First, I’d like to wish my youngest sister
You are growing into a fine young lady, and I’m so proud to call you my sister!
Today a few of the bus drivers are standing around taking a morning break together before the clock beckons them back to their driver’s seats.
There is a woman, who we’ll appropriately refer to as “Shotty,” in the front seat talking about a really good burrito she ate at a really good restaurant. Mind you, her next sentence involved Taco Bell, so I’m not really sure to what standard the burrito actually compares.
Shotty started a phone conversation with a friend where she discussed how the menu at her house would lay out for the rest of the week: She would finish up her hot dogs and whip up another batch of her famous potatoes to accompany the processed weiner. Though, tonight is Taco Tuesday, and she seems to be looking mighty forward to it. It seems like she’s going to stop at Taco Bell for the occasion.
Within the short conversation, she mentioned KFC, Taco Bell, 3 Musketeers, and a number of other fast food franchises.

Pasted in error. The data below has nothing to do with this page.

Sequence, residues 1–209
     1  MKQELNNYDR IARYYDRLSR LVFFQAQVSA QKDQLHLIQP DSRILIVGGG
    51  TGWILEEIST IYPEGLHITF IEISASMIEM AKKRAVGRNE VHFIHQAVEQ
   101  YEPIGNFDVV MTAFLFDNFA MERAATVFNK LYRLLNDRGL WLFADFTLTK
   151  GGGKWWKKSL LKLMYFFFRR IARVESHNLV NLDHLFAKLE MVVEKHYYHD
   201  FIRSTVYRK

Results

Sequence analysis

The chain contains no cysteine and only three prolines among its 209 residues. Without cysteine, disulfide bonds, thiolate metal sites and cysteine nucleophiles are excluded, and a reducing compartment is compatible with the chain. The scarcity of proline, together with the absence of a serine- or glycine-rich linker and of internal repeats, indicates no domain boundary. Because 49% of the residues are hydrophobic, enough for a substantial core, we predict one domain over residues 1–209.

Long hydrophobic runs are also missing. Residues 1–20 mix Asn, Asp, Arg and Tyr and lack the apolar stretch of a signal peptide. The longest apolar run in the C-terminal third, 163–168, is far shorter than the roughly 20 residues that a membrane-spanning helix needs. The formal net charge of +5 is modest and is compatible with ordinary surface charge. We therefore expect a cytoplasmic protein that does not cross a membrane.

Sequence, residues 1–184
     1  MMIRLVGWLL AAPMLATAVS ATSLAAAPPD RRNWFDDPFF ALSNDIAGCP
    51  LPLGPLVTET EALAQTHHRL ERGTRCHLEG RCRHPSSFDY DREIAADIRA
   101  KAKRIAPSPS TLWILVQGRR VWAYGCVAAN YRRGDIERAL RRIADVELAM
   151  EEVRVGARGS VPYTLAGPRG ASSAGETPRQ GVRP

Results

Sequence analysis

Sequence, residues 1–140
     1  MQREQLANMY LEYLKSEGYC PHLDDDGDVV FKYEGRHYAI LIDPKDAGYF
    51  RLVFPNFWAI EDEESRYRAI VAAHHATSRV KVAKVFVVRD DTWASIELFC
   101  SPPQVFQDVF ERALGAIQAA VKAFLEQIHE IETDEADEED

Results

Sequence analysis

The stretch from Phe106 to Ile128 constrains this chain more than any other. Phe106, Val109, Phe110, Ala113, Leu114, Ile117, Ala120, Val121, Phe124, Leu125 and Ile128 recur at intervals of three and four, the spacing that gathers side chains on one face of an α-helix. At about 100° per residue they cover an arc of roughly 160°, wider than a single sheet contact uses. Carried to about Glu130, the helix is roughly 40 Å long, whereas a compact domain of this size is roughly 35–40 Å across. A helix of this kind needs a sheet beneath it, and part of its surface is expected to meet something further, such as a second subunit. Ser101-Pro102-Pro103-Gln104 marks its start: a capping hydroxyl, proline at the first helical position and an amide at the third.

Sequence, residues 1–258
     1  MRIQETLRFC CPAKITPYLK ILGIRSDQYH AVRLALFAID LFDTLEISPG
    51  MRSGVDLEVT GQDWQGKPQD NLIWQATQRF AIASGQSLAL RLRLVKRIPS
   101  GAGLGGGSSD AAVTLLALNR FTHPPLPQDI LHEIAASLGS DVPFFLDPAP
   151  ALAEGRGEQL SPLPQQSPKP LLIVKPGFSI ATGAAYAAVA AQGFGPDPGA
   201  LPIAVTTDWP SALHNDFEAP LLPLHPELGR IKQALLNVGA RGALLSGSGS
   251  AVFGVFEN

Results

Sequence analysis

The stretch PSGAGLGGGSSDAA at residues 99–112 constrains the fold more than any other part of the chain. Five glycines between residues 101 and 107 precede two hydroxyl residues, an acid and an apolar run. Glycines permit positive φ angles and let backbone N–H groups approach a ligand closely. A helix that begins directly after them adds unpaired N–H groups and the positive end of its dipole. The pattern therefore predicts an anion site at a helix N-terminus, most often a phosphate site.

It’s safe to say I am really feeling for her gut right now.
Some of the franchises mentioned above are but a sliver of those readily available to us, and they are the options chosen for those who have less money to pay for good, clean food. They are the options available for those who are not educated in the way of proper nutrition.
I don’t mean to sound snide. The truth is: I wish there would be a rebirthing in our food industry and in the education and access of good, clean food for every one!
(Right after I wrote this post, I Googled the impact of fast food franchises on the globally impoverished and landed on an article from Andrea Freeman, “Fast Food: Oppression through Poor Nutrition.” I’m not through the whole thing, but you can find the link here if you want to read it. It’s quite compelling.)